It was not in dispute between the parties that T&N had told the Royal at the time of inception of cover that (a) their internal policy was not to insure their employer's liabilities insofar as they related to asbestos claims; and (b) the Royal policy was a continuation of pre-existing arrangements, which had involved T&N handling asbestos liabilities themselves. T&N sought a declaration that the "pneumoconiosis exclusion" was not, on its proper construction, effective to exclude the liability of the Royal to indemnify T&N in respect of claims involving diseases other than pneumoconiosis as defined in the exclusion. In response, the Royal pleaded that there had been a common intention that the term "asbestosis" had a much wider meaning so that the wording of the exclusion incorporated all asbestos diseases, and that the previous policy of T&N to meet all claims relating from exposure to asbestos would continue. In the alternative, the Royal sought rectification of the exclusion clause to accord with the common intention it alleged, or that an estoppel arose (because of T&N's historic conduct in handling claims internally) against T&N.
  2. Collins J held that the exclusion clause was clear and unambiguous in its literal meaning, so that it did not apply to asbestos-related diseases other than asbestosis and pneumoconiosis. The judge held that there was no legitimate process of interpretation which could give the exclusion the meaning which the Royal contended either by reference to the parties' intentions, or looking more widely at the factual matrix. Similarly, the Royal's rectification and estoppel arguments failed as there was no evidence which could support these remedies. The Royal was not assisted here because of delay in raising these arguments.

  3. Royal policy: Extent of cover
  4. T&N argued that the effect of discussions between the Royal and themselves in 1971 had resulted in an agreement whereby the Royal would provide full cover for all asbestos-related claims (so that T&N complied with the 1969 Act) but that T&N would, in practice, deal with the asbestos-related claims and bear the first £1,000 of all EL claims. T&N argued that the effect of the agreement was that the Royal still bore the risk of their (T&N's) insolvency.

    Collins J agreed with T&N, relying on evidence of an "arrangement" being made and the fact that the Royal must have known that its policy was the only EL policy which T&N had. The judge found there was sufficient support for T&N's claim that the Royal had agreed to provide full cover, although T&N in practice would continue to deal with asbestos claims and that excess arrangements were to apply. The Royal's case (that the arrangements referred to simply meant the practical step of issuing of a certificate) was not realistic in the light of the evidence, which pointed to the arrangements going much further - i.e. that the Royal had agreed to provide a certificate indicating it was giving full cover.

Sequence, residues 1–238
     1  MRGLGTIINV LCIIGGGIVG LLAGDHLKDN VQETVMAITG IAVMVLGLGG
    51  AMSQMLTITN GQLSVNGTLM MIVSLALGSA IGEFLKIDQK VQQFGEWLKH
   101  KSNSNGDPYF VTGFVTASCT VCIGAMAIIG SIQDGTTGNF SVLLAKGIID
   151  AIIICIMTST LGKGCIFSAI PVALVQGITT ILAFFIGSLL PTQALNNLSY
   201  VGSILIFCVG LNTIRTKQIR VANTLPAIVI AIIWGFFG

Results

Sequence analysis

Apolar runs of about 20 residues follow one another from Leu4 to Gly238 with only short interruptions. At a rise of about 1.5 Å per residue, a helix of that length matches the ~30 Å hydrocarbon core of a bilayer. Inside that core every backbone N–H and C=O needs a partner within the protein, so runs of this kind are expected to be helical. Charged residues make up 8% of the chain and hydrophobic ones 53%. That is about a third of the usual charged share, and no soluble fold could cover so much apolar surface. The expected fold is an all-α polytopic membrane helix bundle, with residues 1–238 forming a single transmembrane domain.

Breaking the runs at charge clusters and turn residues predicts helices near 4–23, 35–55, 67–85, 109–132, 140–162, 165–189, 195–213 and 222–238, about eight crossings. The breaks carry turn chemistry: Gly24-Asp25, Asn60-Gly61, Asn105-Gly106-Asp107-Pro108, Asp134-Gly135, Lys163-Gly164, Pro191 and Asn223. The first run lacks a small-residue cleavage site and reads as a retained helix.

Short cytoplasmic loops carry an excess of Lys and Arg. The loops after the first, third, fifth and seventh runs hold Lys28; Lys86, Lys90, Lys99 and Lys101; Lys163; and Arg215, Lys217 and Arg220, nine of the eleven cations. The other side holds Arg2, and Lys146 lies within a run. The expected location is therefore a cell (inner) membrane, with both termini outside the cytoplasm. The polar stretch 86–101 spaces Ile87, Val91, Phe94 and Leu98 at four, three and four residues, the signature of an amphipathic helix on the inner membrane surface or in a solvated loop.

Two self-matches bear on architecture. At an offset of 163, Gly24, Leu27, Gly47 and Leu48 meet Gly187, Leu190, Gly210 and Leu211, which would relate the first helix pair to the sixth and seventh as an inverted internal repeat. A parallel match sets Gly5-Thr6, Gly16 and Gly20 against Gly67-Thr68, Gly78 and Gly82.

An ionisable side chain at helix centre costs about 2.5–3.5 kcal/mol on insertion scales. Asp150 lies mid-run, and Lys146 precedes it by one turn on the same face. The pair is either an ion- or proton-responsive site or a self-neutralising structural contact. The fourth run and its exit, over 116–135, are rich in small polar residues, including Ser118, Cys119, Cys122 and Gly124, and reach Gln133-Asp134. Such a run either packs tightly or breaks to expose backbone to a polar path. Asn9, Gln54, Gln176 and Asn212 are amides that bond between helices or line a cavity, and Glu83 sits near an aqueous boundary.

5. Syndicate policy: Construction and set-off
    The Syndicate argued that its policy condition should be construed as an exclusion of its liability for asbestos claims, and that "asbestosis or mesothelioma" should be interpreted to include all other asbestosis related diseases. The judge rejected these arguments, finding that if an exclusion had been intended, there would have been no reason to express it as a condition. Similarly, the judge held that the meaning of the phrase "asbestosis or mesothelioma" in the Syndicate policy condition was not all-embracing, as it was well-known at the time that these were separate, distinct diseases.
  6. The judge also dismissed the Syndicate's argument that it was entitled to set-off any liability it had as a result of T&N's failure to pay the relevant claims. Collins J held that the "whole purpose of the transaction... was to make the Syndicate liable under the policies if T&N were not in a position to meet claims covered by the Asbestos Condition. For the parties to have envisaged a set-off in the circumstances would have made the arrangement a sham."

  7. 1997 Settlement Agreement: Did it release the Insurers?
    Neither the Royal nor the Syndicate were specifically named in a 1997 Settlement Agreement (the "Agreement") involving T&N and various "London Market Insurers" but sought in various ways to benefit from it. The Agreement purported to settle various insurers' liabilities under a range of policies T&N had taken out to cover its various asbestos liabilities. In relation to the Royal, Marine had indisputably obtained a release under the Agreement, and it argued that the Agreement extended to the Royal because of certain wording referring to "shareholders, members, ... affiliates". In response, T&N argued this could not release shareholders (i.e. the Royal) from their liabilities under separate contracts with T&N (i.e. the Royal EL policy), and the judge agreed.